The UK government should massively invest in a plan to upgrade the nation's communication network to fibre-optic to boost the country's broadband capacity according to Professor Christopher Bishop, chief scientist at Microsoft Research Cambridge.
In an interview with The Observer, Prof. Bishop was adamant that the consequences of not investing in broadband technology could "prove disastrous for education, health care, entertainment and the fight against global warming".
Mainland Europe and countries in South-east Asia have massively invested in fibre-optic networks and it is not surprising that France for example is able to offer a 100mbps broadband line with unlimited landline calls to 46 countries for around £20.
A similar service in UK won't be available for at least another five years or so (ed: count at least a decade until the price gets to £20) but the government could well implement a Marshall plan similar to the US Economic stimulus, to pave the way for future economic success by improving existing infrastructures.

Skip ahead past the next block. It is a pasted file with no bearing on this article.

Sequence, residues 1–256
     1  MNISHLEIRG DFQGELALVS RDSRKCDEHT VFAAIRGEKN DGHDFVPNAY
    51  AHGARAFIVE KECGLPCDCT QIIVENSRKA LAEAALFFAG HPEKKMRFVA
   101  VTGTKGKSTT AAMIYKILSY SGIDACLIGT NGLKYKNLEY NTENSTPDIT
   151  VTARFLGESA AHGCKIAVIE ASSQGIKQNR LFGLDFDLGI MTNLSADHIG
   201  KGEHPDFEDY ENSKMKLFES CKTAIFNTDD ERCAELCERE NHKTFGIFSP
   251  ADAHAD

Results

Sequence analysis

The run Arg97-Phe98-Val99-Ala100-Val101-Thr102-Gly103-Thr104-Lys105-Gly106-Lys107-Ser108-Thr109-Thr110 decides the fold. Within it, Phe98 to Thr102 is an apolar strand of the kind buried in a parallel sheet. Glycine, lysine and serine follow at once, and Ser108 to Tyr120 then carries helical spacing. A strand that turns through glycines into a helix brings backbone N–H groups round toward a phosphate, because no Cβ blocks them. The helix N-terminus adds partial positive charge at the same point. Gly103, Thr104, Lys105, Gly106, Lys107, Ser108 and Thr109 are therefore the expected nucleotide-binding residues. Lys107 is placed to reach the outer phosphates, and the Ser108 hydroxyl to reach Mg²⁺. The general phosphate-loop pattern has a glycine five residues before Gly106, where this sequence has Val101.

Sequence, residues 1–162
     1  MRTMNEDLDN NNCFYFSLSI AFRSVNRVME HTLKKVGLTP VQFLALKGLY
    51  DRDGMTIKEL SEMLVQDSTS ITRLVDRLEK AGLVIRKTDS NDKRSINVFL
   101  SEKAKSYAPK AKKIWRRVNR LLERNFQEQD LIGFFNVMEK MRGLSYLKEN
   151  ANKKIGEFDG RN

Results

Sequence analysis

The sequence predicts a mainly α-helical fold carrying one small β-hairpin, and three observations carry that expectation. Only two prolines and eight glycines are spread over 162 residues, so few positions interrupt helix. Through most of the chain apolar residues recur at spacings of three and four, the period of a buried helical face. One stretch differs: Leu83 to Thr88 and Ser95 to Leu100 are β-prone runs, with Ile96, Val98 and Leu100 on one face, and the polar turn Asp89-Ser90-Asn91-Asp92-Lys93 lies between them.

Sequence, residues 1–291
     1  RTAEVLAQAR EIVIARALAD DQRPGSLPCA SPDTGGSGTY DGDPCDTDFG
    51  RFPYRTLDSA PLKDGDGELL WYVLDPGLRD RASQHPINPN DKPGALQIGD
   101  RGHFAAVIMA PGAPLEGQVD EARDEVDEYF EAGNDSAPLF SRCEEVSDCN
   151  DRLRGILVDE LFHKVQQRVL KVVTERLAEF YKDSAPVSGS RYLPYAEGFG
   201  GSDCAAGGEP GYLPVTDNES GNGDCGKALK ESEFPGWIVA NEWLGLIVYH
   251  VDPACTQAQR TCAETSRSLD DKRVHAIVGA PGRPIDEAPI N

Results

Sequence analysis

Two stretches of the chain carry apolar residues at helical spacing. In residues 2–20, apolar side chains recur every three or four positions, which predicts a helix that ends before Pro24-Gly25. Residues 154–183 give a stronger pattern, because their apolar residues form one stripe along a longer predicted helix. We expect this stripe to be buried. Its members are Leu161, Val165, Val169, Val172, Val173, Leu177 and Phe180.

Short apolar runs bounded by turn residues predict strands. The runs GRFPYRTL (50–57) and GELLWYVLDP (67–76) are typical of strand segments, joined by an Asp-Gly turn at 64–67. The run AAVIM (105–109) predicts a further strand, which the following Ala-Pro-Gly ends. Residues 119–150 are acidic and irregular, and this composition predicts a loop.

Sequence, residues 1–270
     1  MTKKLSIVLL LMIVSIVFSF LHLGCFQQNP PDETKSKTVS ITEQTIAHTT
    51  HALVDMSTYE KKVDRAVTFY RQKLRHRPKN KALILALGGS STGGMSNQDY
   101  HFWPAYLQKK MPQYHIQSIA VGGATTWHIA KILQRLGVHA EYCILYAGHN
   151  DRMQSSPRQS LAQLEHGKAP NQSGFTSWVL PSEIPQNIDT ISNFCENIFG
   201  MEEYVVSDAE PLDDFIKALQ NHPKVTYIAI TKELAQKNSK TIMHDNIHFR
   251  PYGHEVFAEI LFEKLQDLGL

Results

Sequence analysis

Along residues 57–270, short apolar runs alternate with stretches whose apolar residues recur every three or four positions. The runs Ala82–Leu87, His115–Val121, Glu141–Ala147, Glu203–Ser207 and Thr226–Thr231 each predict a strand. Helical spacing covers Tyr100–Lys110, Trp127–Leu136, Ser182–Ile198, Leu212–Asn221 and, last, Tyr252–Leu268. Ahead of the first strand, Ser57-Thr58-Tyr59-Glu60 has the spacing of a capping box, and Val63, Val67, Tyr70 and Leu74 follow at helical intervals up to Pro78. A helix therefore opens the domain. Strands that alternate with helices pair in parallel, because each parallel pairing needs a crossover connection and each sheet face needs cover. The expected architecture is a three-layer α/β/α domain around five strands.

Significantly Faster mainstream Broadband (at least 50mbps) could change the way Britons work forever. Teleworking could become a reality for millions more with high resolution webcams and CD-quality phone services becoming widespread.
Hospitals and doctors would be able to monitor patients remotely, reducing financial pressure on cash-strapped NHS trusts while maintaining their Quality of service.
Virgin Media has already spearheaded the next broadband revolution by launching a 50mbps broadband service albeit at a price and BT has already laid out plans for a £1.5 billion investment in fibre-optic that will see 40 percent of the country (the most populous areas mainly) enjoy speeds of "up to" 60mbps.
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The onus is on the government to show the way. The current credit crunch means that companies like Virgin and BT will be less likely to get funding from banks and financial institutions, which in turn will slow down investments in Telecommunications projects.